Saturday, April 11, 2009
On April 19, 1967, Colonel Leo Thorsness was flying a F-105 (Wild Weasel) on a mission to destroy surface-to-air missiles (SAMs) deep in North Vietnam. After destroying two SAMs, his wingman was hit and radioed Col. Thorsness that he was going to have to eject from the aircraft. Col. Thorsness replied that he would keep him in sight.
As the other plane’s crew ejected from the aircraft, Col. Thorsness noticed an enemy MiG-17 fighter preparing to shoot the parachutists. Although his plane was not equipped for dogfights, Col. Thorsness was able to destroy the enemy fighter with his battling gun.
Low on fuel, Col. Thorsness quickly air-refueled and returned to protect the parachutists. His rear-seat weapons officer spotted four more MiG fighters in the area. He was able to down another one although he never received official credit for it because the film in his gun camera had run out.
Col. Thorsness climbed to an altitude of 35,000 feet on his way back to the nearest U.S. airfield. With his fuel tanks on empty, he glided to the base. As he landed, his engine ran out of gas.
Two weeks later, Col. Thorsness was shot down on his 93rd mission. He spent the next six years in the Hanoi Hilton where he ran into the two crew members that he had tried to save. The officer that wrote up Col. Thorsness’s Medal of Honor citation was also shot down and joined him at the Hilton.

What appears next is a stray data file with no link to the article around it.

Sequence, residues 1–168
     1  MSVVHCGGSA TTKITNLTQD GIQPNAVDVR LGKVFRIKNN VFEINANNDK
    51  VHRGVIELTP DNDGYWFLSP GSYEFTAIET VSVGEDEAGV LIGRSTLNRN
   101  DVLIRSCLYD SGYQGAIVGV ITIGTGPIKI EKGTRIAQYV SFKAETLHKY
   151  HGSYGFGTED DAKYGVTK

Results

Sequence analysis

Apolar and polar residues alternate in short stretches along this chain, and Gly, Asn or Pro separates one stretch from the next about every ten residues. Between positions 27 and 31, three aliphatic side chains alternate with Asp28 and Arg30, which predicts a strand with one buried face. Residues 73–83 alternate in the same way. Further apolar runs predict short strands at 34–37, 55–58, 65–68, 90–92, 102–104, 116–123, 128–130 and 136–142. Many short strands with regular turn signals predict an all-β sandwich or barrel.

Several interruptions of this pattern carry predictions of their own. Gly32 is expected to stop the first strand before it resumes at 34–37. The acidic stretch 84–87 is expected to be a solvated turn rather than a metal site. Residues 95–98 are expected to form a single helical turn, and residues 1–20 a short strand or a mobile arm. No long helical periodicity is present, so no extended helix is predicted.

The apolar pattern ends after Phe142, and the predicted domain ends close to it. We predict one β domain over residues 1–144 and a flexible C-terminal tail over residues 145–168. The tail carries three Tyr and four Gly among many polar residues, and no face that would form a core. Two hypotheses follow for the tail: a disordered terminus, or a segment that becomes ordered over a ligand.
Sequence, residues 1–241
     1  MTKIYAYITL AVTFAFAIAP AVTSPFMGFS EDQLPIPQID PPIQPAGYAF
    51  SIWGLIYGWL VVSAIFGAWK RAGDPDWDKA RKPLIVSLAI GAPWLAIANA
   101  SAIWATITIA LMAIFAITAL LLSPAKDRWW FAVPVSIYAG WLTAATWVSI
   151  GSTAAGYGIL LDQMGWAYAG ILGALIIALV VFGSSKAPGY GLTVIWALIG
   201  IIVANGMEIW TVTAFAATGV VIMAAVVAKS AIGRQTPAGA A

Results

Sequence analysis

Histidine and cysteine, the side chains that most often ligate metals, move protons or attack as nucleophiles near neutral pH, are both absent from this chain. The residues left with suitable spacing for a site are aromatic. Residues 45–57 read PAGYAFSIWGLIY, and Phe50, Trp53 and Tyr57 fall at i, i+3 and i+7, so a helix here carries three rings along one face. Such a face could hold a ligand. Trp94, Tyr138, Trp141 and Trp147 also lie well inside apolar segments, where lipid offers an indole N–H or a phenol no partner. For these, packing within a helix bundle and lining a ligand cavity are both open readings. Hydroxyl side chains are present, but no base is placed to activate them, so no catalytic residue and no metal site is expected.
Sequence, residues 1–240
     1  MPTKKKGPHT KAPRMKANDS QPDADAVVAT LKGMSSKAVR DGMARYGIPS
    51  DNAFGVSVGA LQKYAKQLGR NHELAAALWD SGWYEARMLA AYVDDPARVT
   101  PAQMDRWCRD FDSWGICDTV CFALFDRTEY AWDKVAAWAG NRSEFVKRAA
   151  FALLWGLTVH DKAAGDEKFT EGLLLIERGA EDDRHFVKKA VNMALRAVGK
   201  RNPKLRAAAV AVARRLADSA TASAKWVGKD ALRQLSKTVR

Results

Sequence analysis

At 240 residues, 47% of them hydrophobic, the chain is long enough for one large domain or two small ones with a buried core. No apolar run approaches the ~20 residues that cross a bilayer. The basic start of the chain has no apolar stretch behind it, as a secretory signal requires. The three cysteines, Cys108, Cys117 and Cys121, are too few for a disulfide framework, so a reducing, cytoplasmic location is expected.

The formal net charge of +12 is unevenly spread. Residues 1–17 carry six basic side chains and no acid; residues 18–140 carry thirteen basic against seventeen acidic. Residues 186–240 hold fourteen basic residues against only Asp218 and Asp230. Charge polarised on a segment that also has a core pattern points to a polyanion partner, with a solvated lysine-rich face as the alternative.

Be sure to read "Our Father" at NRO; it's an excerpt from the recent book by Medal of Honor recipient Leo Thorsness. I was fortunate enough to meet Col. Thorsness when he came to speak at the school where I teach in 2001 (or 2002 - can't remember exactly!). I took lots of pictures of him, none of which I can find at the moment, but he was very gracious and extremely humble. It was a real privilege to meet him.
In the NRO excerpt Thorsness tells the story of the determination of a group of POWs to hold a brief Sunday service. It's heartbreaking.
When the 42nd man said yes, it was unanimous. We had 100-percent commitment to hold church next Sunday. At that instant, Ned knew he would end up in the torture cells at Heartbreak. It was different from the previous Sunday. We now had a goal, and we were committed. We only needed to develop a plan.
Sunday morning came, and we knew they would be watching us again. Once more, we gathered in the far end of the cell. As soon as we moved together, the interrogator and guards burst through the door. Ned stepped forward and said there wouldn’t be a problem: We were just going to hold a quiet ten-minute church service and then we would spread back out in the cell. As expected, they grabbed Ned and hauled him off to Heartbreak for torture.
In these days of weak leaders and a general lack of leadership, I'm finding inspiration and hope from people like Thorsness and Marcus Luttrell; people that have the courage to make sacrifices for a country they believe in. People we can look up to and hope to emulate.
I've ordered his book and can't wait to get into it!